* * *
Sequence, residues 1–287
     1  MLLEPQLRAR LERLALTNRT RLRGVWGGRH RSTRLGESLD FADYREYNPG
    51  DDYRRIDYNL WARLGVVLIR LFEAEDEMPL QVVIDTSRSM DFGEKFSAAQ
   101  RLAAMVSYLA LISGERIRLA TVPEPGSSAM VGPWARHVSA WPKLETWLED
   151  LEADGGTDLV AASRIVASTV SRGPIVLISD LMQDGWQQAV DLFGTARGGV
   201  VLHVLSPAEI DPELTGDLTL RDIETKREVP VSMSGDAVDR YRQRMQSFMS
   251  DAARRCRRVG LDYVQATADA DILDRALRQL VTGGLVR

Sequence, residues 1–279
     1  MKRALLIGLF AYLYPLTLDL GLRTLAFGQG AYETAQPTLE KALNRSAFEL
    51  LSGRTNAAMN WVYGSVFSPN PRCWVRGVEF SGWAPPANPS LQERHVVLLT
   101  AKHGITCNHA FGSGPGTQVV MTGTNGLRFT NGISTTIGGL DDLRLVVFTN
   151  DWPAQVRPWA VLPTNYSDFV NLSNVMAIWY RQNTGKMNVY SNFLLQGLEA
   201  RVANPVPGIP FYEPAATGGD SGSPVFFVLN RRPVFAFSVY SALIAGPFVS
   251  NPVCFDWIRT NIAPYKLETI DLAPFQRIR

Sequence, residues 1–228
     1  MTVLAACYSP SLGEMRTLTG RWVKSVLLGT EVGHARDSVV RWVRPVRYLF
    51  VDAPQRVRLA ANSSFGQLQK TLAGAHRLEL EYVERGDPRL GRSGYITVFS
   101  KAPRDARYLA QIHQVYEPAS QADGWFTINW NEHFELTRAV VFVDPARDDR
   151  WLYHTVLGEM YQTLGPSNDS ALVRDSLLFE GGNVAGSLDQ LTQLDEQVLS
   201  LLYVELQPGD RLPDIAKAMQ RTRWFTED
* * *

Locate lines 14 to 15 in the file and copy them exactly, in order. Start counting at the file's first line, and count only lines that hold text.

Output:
   251  NPVCFDWIRT NIAPYKLETI DLAPFQRIR

Sequence, residues 1–228